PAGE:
“For us, anytime we get a player on campus at Georgia Tech, any and all negative connotations or perceptions that they have about anything are absolved,” said James Ramsey, an assistant coach and recruiting coordinator at Georgia Tech and former All-American at Florida State. “I think not being able to put a recruit’s two feet on campus and in our new $12 million facility was challenging. But I also think that for the families that also wanted to actually be on campus, it’s one thing to say a campus feels like home on a Zoom call. It’s another to say it feels like home when you’re actually at the campus.”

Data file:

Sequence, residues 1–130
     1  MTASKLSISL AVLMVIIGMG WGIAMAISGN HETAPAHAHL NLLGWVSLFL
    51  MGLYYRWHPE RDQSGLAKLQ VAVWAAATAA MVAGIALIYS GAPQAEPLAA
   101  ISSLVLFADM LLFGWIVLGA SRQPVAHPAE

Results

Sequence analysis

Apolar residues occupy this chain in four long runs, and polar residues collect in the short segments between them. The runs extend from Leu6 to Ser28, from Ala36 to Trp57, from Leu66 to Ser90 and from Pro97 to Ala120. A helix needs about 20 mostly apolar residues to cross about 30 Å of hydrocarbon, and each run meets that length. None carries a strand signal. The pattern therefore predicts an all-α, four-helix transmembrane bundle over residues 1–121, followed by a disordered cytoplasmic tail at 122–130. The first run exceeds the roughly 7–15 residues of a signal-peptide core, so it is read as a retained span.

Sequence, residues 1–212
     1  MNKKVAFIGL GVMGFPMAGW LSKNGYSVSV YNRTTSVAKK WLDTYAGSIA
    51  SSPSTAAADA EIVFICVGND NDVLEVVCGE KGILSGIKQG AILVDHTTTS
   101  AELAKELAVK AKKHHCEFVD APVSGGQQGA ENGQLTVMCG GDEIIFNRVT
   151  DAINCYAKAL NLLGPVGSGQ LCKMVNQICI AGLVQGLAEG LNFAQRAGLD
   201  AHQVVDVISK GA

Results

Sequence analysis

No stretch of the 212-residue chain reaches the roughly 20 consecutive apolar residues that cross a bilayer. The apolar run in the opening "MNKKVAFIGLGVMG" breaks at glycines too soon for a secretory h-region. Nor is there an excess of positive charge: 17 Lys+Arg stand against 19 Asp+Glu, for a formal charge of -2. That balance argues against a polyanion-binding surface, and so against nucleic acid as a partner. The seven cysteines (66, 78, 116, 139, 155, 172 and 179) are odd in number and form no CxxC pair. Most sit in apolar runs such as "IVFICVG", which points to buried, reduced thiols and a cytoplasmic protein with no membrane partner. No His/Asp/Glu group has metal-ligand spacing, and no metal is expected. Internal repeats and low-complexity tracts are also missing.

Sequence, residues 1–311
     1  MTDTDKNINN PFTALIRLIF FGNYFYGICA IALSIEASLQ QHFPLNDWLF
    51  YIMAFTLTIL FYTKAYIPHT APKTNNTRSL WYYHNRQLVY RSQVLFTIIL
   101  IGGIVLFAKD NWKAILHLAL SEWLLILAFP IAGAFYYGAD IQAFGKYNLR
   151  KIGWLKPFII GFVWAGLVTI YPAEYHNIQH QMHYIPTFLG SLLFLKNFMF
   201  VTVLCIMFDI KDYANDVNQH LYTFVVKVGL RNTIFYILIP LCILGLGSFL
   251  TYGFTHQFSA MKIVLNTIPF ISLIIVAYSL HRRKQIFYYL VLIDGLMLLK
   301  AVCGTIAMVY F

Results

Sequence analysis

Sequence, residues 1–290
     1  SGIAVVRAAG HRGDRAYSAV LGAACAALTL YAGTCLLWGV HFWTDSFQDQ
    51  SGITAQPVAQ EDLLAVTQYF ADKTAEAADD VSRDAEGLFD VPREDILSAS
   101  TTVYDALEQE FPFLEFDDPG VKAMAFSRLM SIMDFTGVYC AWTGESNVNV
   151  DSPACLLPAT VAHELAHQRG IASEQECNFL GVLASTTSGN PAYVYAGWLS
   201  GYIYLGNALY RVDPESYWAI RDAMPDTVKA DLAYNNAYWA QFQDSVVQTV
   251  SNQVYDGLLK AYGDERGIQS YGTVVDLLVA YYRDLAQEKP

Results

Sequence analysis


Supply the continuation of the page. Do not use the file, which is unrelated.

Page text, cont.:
Some sense of normalcy
During a recruiting dead period, coaches are not allowed any in-person contact with recruits and/or their parents. Coaches are not allowed to bring recruits to campus, cannot talk to them at the athlete’s school or an athletic camp. Not even a random meeting at the local convenience store is allowed.
Athletes and coaches still are allowed to communicate by phone, email, social media and other forms of digital communication. But it’s not the same. The phone can tell the college coach only so much about the athlete, and the athlete can learn only so much about the school in an email.
It’s hard enough to get a leg up on recruiting while having to do that for a few weeks during the normal recruiting calendar, none of which are consecutive. Imagine having to do that for 15 months straight.